When is a breach a material breach?

In RiverRock European Capital Partners LLP v Harnack [2022] EWHC 3270 (Comm) the High Court denied the claimant relief on the basis that, while certain events might have constituted breaches of contract, none were material.


The claimant was an investment firm supervised by the FCA.  It appointed a UK company to manage one of its investment funds.   The two individual defendants had undertaken (among other things) to meet certain financial obligations of the UK company in the event of certain agreements being terminated.

Difficulties were encountered by the fund in sourcing investors and opportunities for the fund to invest in. This led to the claimant considering a change to the management.  The Claimant anticipated that this would lead to a dispute with the UK company and began to consider how it could terminate its agreement with the UK company.

In the meantime, the UK company omitted to file a confirmation statement with Companies House and ultimately the Registrar of Companies struck the fund manager off the companies register and it was dissolved. Although the claimant mentioned the issue in a meeting it was only later that the claimant described the issue as being serious in nature and notified to the FCA.  The claimant terminated its agreements with the UK company and claimed from the defendants repayment of fees that had been paid to the UK company. It did so on the basis of alleged material breaches arising from the strike off and dissolution of the corporate entity. 


The court was not convinced that there had been a material breach.  It began by considering the existing case law and noted that the concept of a material breach is difficult to define with its meaning dependent on context and the consequences that would flow from the alleged material breach.

Citing previous authorities, the court highlighted that, where the consequences of a material breach are significant (i.e. resulting in termination of a contract that had required significant time and resources) then materiality would require that the breach was “something substantial, meaning serious rather than…of little consequence”, although it should be noted that the breach need not be repudiatory in nature.

The court carried out a fact-sensitive exercise in order to assess materiality before determining that it was “no means convinced” that there had been any material breach. The court had particular regard to matters including that the dissolution had been due to an oversight and was readily capable of remedy.  The court also found, on the evidence before it, that the claimant had not in fact been concerned by the dissolution, and that the only practical consequence of the dissolution, namely, the replacement of the defendants as fund managers, had already been intended by the claimant. Accordingly, the claimant was not entitled to the sums it had sought from the defendants.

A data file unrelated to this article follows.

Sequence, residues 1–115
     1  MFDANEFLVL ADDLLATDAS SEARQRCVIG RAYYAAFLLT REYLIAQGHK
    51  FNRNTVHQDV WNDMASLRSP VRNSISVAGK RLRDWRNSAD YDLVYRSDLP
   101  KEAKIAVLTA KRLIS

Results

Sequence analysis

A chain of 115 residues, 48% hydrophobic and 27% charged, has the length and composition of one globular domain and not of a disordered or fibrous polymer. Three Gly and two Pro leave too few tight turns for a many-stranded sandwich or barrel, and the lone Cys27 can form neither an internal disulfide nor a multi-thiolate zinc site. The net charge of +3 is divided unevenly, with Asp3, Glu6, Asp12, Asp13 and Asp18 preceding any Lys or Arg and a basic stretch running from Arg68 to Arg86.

The decision is a reminder that a materiality threshold can make a real difference, including in determining whether rights to terminate or obtain financial recovery are available. It also provides a helpful illustration of the fact-sensitive exercise the court will carry out to assess whether any alleged breach has been ‘material’, including where there appear to have been collateral reasons driving a party’s assertion of a material breach.

Before asserting a ‘material breach’, a party will want to think carefully about how the breach can be shown to be material, and whether an explanation should be sought from the counter party. Without a valid basis for asserting not just the breach but also its materiality, the asserting party risks its own exposure, for example for wrongful termination and/or breach of its own obligations.

Finally, given the legal effect of dissolution on a company (loss of legal personality and capacity, and passing of assets to the Crown), parties may want to ensure this sort of dissolution of a company involved in a transaction is clearly covered as a trigger entitling a party to terminate or recover payments.



Posted on 01/27/2023 by Ortolan

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